In the past three months, we have seen plenty of distributed denial of service (DDoS) attacks that have affected both corporations and individuals. Internet giant Google has been involved in the process of keeping a check on such cyber threat cases, and this time it has removed roughly 300 malicious apps from Google Play store that could take control of Android devices to participate large-scale DDoS attacks.
Researchers at Akamai in a blog post have pointed out that a botnet named WireX corrupted multiple content delivery networks (CDNs) and other content providers on August 17. The botnet comprised Android devices that were running malicious apps designed to create a DDoS attack. Akamai has joined hands with major companies such as Google, Cloudflare, Flashpoint, Oracle Dyn, RiskIQ, and Team Cymru among others to combat this threat from spreading further.
In its blog, Akamai defines WireX botnet as "a volumetric DDoS attack at the application layer. The traffic generated by the attack nodes is primarily HTTP GET requests, though some variants appears to be capable of issuing POST requests." It notes further that the infected apps, including storage managers, media/ video players, ringtones, and other tools, had "additional hidden features" that activated at launch. These features then made the Android operate or participate in a larger DDoS attack as long as the device was powered on. The number of exploited Android devices is not clear yet but the researchers have reported it to be something around 7,000 to a Krebs On Security reporter.
"We identified approximately 300 apps associated with the issue, blocked them from the Play Store, and we're in the process of removing them from all affected devices. The researchers' findings, combined with our own analysis, have enabled us to better protect Android users, everywhere," says Google while commenting in a response to Akamai's research, where it also mentioned that it is removing up to 300 apps from the Play store. The instances of such apps were found when the researchers assigned to investigate this matter traced back some nodes to an attack that happened on August 17 from an unusual APK file with a jumbled up filename - 'twdlphqg_v1.3.5_apkpure.com.apk'. Then, the researchers smelled that these apps could have more copies, duplicates, and instances directly related to the DDoS attack.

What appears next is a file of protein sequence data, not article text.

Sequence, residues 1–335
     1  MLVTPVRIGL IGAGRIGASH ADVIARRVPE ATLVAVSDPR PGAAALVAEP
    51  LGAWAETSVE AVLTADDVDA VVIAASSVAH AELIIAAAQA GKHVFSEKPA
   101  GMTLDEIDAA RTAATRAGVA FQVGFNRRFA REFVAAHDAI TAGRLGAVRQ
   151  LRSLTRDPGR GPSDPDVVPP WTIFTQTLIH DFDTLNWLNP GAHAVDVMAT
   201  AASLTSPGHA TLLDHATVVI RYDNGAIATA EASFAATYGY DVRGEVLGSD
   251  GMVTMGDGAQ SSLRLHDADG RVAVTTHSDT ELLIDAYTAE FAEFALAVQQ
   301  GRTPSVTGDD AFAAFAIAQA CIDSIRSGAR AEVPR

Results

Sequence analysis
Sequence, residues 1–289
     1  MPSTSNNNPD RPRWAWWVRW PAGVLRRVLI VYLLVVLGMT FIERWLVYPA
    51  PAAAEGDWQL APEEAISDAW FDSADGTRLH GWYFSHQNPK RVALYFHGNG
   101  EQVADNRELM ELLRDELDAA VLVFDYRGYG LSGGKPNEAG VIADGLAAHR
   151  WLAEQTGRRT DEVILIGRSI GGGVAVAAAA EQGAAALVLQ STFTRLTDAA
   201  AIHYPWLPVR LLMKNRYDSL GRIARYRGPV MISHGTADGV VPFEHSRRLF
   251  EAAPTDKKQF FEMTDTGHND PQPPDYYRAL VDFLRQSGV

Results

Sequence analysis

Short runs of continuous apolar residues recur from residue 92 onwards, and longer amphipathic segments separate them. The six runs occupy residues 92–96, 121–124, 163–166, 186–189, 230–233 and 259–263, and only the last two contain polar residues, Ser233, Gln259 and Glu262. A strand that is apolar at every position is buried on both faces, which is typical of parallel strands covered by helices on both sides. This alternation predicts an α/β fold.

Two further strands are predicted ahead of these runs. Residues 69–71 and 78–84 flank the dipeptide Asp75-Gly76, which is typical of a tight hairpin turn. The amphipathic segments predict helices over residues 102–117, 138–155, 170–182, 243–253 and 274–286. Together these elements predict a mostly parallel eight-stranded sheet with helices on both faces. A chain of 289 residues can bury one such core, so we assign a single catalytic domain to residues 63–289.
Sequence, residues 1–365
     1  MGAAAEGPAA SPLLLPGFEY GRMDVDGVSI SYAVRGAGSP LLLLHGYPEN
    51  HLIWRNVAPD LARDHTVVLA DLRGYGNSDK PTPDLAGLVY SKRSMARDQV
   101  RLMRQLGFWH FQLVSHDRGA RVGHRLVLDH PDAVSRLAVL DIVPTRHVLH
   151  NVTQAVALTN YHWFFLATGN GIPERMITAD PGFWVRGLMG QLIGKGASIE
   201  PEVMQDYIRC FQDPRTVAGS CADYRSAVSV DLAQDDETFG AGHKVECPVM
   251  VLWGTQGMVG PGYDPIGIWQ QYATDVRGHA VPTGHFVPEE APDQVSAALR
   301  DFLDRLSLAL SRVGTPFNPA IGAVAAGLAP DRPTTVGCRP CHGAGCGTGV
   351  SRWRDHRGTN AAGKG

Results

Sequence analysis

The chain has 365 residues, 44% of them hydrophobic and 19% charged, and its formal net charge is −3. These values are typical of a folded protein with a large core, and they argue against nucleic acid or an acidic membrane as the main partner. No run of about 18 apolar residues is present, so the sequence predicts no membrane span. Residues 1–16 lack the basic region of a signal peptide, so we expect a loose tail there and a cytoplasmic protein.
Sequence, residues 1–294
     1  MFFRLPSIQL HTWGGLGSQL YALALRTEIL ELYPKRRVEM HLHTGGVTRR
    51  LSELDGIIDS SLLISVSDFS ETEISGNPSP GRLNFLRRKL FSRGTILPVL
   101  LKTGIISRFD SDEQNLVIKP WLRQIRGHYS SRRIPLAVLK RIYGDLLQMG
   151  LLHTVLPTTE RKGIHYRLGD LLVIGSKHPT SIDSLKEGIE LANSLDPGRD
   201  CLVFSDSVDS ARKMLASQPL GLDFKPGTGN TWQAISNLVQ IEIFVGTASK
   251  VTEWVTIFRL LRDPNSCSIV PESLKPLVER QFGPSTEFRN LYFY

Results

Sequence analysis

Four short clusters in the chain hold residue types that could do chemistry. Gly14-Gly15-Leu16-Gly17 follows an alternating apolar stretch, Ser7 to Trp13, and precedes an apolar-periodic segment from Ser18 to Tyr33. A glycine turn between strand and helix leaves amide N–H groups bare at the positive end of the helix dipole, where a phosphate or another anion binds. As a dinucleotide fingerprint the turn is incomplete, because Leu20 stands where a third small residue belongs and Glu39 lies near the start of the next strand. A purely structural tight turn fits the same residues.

With the new alliance between the aforementioned firms against the cyber threat of DDoS attacks slowly pervading in the Android ecosystem, the companies have also agreed to share the metrics and data about the attacks. Google is also employing its machine learning capabilities to ensure better security for the Android platform, along with the ecosystems belonging to other allies.